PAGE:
But now what? Now that all our hopes for Cain seem to have vanished and Abel is gone from this earth, what will become of God’s promise? What will become of the human race?

I thought I had it figured out. So often I have succumbed to the delusion that we can interpret and command our own lives, but this unexpected, overwhelming tragedy threw all my thoughts and plans into disarray. I can hardly breathe, and I can’t even think of eating or sleeping. Will this pain ever subside? Will life ever be the same?

And what will become of Cain? My heart wavers between a natural motherly love and a feeling of horror and dread. Living alienated from the true and living God and in perpetual enmity against him is the worst possible condition. I know, because I came dangerously close to that point of no return. But God didn’t destroy Cain. In fact, he placed a mark on him to protect him.

There is so much that makes no sense at all. Part of my heart lies buried under the ground, while my eyes still search for Cain, hoping to see him return, repentant. What’s left for us? Am I still the “mother of all living”? Is my offspring still going to crush the serpent’s head? Once again, I am tempted to know more than what God has revealed, and I am brought to my knees. In this unaccountable and bewildering turn of events, only God and what we have known about him and heard from him stand firm and sure.

If I have learned anything from our rebellion in the Garden, it is that God keeps his word. He said, “You will surely die,” and we did, in more ways than one. We have tasted death every day since that fateful day, although now it stares right at us.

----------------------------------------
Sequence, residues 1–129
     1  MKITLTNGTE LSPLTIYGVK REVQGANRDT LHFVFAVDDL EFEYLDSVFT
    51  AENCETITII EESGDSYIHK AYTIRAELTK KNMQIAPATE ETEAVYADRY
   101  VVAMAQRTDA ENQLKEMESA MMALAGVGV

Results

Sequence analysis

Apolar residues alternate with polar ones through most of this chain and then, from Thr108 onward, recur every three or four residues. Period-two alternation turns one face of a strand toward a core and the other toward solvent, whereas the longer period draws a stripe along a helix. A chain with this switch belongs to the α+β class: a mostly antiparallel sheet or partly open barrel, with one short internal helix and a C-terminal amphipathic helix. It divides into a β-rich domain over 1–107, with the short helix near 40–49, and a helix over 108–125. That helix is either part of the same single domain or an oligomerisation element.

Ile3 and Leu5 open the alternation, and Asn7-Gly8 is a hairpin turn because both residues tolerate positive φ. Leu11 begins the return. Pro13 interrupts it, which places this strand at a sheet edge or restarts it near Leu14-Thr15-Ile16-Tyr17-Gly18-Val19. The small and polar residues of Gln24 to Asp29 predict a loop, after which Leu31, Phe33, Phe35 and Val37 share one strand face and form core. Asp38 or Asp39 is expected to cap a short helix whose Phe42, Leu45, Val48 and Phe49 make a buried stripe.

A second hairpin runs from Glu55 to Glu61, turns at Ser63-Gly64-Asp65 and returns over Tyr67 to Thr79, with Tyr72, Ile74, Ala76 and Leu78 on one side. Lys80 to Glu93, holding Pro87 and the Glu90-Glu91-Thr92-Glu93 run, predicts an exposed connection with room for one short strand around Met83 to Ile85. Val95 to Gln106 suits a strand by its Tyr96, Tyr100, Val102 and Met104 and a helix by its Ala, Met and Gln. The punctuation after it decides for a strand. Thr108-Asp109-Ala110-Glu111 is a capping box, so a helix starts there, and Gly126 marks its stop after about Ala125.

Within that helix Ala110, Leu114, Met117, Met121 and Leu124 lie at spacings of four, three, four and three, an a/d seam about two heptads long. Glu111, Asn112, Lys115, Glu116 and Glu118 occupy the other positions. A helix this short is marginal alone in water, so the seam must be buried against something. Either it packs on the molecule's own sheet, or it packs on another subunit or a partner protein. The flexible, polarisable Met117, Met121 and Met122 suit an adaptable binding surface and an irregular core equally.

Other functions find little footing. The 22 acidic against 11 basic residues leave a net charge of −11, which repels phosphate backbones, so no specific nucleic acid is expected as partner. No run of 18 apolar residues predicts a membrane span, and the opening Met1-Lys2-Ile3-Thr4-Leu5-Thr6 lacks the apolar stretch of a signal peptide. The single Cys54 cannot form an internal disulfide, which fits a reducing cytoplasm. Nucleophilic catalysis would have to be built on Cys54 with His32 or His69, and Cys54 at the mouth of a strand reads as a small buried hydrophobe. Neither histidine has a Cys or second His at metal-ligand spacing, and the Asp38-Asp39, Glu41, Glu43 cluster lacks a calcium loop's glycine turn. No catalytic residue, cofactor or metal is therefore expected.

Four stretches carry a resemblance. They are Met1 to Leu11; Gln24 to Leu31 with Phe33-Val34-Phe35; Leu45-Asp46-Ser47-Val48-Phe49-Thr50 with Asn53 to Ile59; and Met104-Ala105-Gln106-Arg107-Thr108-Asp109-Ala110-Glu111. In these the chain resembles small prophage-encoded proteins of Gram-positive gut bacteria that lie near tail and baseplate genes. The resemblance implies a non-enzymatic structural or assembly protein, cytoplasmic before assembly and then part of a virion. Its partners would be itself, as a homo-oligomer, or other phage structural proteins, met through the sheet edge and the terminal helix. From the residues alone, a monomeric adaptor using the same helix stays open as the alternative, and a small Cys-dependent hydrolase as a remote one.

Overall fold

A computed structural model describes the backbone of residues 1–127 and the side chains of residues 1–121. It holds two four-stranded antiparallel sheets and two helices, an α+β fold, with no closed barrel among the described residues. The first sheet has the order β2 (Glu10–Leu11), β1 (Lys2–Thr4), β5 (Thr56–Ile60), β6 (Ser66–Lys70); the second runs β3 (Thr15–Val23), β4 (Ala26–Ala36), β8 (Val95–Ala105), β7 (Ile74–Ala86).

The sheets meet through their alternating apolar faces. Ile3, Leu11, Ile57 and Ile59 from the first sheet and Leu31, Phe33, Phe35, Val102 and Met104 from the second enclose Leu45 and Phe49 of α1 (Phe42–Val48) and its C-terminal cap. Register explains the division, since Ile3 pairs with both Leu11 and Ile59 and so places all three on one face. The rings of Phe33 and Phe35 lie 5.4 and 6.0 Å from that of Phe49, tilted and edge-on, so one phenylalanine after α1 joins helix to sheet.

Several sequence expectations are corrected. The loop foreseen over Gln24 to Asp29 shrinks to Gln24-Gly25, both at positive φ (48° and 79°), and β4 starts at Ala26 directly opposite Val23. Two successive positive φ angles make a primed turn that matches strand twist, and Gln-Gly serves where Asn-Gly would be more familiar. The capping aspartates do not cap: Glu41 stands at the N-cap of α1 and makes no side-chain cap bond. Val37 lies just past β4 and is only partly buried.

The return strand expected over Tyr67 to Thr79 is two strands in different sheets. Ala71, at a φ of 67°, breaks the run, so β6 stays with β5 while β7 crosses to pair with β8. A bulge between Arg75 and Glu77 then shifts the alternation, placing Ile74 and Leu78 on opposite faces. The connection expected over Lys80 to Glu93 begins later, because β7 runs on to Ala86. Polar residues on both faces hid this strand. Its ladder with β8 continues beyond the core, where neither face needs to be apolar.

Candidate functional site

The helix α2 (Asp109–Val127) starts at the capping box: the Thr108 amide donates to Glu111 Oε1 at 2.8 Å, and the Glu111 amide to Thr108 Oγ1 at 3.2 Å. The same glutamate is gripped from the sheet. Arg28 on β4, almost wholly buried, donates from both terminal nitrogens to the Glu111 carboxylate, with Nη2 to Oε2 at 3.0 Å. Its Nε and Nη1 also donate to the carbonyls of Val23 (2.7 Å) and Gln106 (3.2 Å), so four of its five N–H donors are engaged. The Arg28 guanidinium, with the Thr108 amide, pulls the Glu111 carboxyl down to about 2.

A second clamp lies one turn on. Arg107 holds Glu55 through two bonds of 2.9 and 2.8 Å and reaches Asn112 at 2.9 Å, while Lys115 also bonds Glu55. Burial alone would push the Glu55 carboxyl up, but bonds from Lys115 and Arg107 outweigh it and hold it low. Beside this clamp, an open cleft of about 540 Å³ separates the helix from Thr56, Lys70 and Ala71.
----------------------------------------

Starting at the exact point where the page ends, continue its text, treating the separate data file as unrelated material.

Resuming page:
But God also promised life and victory. Inexplicably and graciously, he moves me to look beyond the grave. As crushing and agonizing as this tragedy is, in God’s larger scheme of things’a scheme still difficult to grasp, this is only a bruising of the heel.

I can’t even think of having more children. I am afraid to place my hopes in another son. If I could, I would choose death for myself, but the Lord is giving me life. I don’t have the strength to go on, but God’s purpose is greater and stronger than I can ever be. I remember a similar feeling of hopelessness and inability when we left the Garden and’to a lesser degree, many other times until now. But the Lord supported us through it all. Somehow, by God’s strength, I will rise from the edge of this grave and walk back to my house. As unmanageable as it seems, I will continue to feed and support my family. As inconceivable as it sounds, I might smile again.

Somehow, sooner or later, God will appoint for me another offspring instead of Abel. These weary arms will again hold a child and this aching breast will again nurse him. Somehow, God will continue to sustain us, until a new offspring will inflict the final blow to the serpent’a blow that will defeat death, sin, pain, and anguish forever.

I don’t know how the Lord will do it. I don’t even fully understand what it means, but I don’t have to. God’s merciful words still ring in my ears and the memory of the Tree of Life, which is now protected but not destroyed, is imprinted on my mind as I wait for the One who will give us the right to enjoy it. And that’s enough for now.

Sitting by death, I cling to these promises of life for us, for Abel, and for the rest of the offspring God has appointed to give me. I can do no other.

Photo of Simonetta Carr
Simonetta Carr
Simonetta Carr is the author of numerous books, including Broken Pieces and the God Who Mends Them: Schizophrenia through a Mother’s Eyes, and the series Christian Biographies for Young Readers (Reformation Heritage Books).
Thursday, December 31st 2015

“Modern Reformation has championed confessional Reformation theology in an anti-confessional and anti-theological age.”